This analytical comment on Wąbrzeźno, a small town in the Kuyavian-Pomeranian Voivodeship, shows Poland before it joined the European Union.
Zieliński’s work is built around a clear concept: documenting the transformation of a small town, to which he is attached emotionally. Like a scientist focused on one topic, he has examined his home town from all angles, in a series of 64 colour photographs.
The photographer described his work as follows:
To me, this project implied confronting the present with the past, as well as the real world with our inner projections.
Zderzak Gallery, 2001
Zieliński rediscovers a world he knows so well, the town where he was born and raised. He captures its landscapes by trying to achieve an accurate reflection of reality and avoiding over-expressive forms. His approach favours what is depicted, rather than the way it is presented. This documentary style preserves traces of human activity on the margins of visibility, as well as details doomed to oblivion, enabling a thorough analysis of the image.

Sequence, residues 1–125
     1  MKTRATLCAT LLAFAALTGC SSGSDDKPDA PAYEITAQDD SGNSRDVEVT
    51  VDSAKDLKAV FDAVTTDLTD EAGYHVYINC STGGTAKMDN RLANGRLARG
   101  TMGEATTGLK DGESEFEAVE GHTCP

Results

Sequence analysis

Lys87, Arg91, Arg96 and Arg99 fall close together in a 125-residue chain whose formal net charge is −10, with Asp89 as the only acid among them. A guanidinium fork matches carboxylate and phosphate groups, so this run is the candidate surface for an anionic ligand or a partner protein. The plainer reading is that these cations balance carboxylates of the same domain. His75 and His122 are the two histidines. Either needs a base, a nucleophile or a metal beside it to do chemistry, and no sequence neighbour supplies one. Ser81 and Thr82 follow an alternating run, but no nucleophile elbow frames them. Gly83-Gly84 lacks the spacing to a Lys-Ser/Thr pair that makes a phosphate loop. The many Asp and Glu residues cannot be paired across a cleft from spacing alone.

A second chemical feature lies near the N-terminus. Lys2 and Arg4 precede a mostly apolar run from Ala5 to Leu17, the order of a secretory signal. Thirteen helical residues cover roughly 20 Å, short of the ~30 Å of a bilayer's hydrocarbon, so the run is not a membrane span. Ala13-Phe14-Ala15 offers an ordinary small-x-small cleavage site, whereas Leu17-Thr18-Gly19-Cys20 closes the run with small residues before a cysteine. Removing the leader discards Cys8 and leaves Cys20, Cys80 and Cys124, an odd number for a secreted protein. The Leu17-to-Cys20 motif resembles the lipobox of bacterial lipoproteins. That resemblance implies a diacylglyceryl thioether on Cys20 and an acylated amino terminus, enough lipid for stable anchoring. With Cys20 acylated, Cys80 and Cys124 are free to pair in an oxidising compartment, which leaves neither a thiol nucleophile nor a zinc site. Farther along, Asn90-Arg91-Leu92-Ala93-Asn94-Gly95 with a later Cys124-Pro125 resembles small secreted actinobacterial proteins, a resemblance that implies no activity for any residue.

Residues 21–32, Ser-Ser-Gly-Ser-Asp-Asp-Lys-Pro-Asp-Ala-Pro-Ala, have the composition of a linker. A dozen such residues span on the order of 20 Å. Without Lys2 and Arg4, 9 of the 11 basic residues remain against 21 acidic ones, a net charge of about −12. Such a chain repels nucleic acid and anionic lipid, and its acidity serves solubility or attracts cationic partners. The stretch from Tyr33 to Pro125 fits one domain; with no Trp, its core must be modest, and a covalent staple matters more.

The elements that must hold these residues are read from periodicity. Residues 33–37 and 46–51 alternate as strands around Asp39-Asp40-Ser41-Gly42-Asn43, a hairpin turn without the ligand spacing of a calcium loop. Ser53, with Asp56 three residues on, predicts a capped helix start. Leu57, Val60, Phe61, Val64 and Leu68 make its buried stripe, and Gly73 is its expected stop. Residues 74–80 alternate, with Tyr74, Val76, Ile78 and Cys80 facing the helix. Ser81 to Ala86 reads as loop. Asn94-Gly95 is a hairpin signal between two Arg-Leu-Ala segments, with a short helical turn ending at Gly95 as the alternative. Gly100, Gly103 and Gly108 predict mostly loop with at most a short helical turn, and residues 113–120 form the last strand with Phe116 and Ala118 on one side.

Zieliński’s unspectacular pictures encourage viewers to step outside of their perceptual routines based on identifying a subject. The photographer points the camera at his immediate surroundings, trying to see familiar objects in a new light and stripping them of automatic associations that often cloud our perception.
Taken between 2000 and 2003, these photographs provide additional context, since Hometown chronicles a small-town landscape before Poland joined the European Union.
Originally written in Polish, translated by AG, edited by MB, Dec 2018
This text is part of the project Metaphors of Independence: Poland In 100 Photos.
To coincide with the centenary of Poland regaining its independence, we have created a selection of photographs that allow us to understand both yesterday and today. A hundred photographs but so much more. Find out more.